Infertility Vancouver

Information & Treatment of Infertility in Vancouver Canada


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Male Infertility - Sperm Disorders


Spermatogenesis

This process is continuous and requires about 72-74 days for maturation from germ (stem) cell, or spermatogonium, to spermatozoon. It is most efficient at 34 degrees centigrade, so exposure to excessive heat or prolonged fever within 2-3 months of evaluation can adversely affect sperm count, motility, and morphology. Within the seminiferous tubules, Sertoli's cells sustain and regulate maturation, and Leydig's cells produce testosterone required for maintenancde of spermatogenesis.

Azoospermia

No sperm in semen. This may be due to obstruction or congenital absence of the vas deferens or to a primary testicular disorder. The presence of fructose (which is normally secreted in the seminal vesicles) in semen indicates that the ejaculatory ducts are unobstructed.

Varicocele

Abnormal dilation of pampiniform plexus veins draining the testes. This is the most common anatomic abnormality in infertile men (25% vs. 10-15% in the general population). Varicoceles are more common on the left side, where the spermatic vein empties into the left renal vein. A varicocele results in pooling of blood and higher intrascrotal temperatures.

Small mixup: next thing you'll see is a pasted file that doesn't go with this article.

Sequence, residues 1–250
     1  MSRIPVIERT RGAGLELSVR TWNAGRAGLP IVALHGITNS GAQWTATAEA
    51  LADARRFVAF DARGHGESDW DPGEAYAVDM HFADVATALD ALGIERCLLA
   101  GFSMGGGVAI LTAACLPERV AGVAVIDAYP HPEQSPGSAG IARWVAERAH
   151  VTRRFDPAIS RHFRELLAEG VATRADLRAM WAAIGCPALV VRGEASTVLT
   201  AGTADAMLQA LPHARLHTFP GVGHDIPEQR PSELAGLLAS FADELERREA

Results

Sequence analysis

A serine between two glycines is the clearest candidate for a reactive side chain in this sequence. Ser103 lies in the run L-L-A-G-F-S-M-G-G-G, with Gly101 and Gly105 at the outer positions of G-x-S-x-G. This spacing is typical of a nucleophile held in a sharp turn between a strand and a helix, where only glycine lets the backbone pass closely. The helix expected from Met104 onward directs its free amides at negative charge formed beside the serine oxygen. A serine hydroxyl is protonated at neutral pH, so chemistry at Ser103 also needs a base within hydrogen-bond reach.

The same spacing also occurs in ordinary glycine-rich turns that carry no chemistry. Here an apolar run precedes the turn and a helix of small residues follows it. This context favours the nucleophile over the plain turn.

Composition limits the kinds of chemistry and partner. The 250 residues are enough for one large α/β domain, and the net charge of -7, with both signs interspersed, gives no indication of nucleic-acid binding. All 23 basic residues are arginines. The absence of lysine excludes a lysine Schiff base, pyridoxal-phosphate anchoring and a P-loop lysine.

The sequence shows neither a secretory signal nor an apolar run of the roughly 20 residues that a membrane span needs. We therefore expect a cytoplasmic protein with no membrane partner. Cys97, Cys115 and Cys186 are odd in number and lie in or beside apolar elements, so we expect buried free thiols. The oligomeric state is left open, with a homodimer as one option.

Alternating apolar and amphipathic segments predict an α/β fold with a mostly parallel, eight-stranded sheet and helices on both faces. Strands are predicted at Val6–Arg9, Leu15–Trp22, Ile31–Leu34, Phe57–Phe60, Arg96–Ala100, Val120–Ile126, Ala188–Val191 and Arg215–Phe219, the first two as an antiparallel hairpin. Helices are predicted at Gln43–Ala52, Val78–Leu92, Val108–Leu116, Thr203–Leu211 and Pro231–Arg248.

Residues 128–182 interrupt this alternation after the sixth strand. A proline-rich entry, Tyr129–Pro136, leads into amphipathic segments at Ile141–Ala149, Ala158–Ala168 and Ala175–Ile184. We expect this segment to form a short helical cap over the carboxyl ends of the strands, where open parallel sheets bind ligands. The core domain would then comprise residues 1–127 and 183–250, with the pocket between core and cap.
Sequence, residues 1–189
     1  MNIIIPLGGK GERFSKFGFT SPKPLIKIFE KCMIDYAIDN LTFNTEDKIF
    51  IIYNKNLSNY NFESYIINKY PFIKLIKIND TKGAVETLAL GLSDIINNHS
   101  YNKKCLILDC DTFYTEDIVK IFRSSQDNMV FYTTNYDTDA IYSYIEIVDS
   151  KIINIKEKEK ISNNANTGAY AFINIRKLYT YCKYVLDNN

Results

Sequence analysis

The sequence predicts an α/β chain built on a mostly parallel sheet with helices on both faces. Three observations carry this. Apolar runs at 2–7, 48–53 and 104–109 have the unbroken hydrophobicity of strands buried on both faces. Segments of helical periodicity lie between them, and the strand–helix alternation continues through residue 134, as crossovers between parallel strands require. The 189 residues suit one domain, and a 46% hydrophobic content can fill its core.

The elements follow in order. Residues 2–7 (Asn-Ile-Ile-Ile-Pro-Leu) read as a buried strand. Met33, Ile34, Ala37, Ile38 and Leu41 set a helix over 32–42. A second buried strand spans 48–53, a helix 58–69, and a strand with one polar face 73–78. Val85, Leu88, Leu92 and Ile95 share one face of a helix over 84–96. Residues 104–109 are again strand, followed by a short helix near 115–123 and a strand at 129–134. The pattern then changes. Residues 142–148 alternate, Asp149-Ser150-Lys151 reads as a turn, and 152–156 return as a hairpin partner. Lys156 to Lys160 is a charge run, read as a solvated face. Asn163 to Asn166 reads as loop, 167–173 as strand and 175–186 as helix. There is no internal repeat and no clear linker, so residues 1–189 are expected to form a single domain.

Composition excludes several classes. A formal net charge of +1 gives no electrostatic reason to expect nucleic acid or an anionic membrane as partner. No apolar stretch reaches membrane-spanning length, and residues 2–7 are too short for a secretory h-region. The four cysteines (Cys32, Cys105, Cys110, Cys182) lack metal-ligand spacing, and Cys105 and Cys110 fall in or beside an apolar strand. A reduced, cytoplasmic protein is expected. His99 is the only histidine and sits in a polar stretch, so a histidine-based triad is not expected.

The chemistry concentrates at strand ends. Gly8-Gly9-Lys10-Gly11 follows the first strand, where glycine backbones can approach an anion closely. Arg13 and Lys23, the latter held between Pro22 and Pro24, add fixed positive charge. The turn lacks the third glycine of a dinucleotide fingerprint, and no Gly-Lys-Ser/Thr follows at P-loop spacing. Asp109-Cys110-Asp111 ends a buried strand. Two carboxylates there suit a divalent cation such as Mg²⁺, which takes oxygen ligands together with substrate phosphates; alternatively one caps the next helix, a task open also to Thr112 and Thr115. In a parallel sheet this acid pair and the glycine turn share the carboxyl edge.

Retrograde Ejaculation

Occasionally some semen meant for ejaculation to the outside of the body backs up into the urinary bladder. This happens especially in men who have neurologic dysfunction or who have had a retroperitoneal dissection (eg. for Hodgkin's disease) or prostatectomy.

Endocrine Disorders

The following are quite uncommon, although they are known to be associated with defective spermatogenesis. These are hyperprolactinemia, hypothyroidism, adrenal disorders, abnormalities of the hypothalamic-pituitary-gonadal axis, and hypogonadism.

Genetic Disorders

Genetic causes of defective spermatogenesis include Klinefelter's syndrome and gonadal dysgenesis.


Diagnosis

A history is obtained and physical examination is performed to search for causes of infertility. Mumps, orchitis, cryptorchidism, testicular injury, exposure to industrial or environmental toxins, excessive heat exposure, acute illness or prolonged fever within the previous 3 months, recreational drug use, alcohol intake and exposure to diethylstilbesterol or anabolic steroids should be excluded. Physical examination should focus on anatomis abnormalities, eg. decreased testicular volume (normal; 20-25 ml), prostatitis, hypospadias, or a varicocele.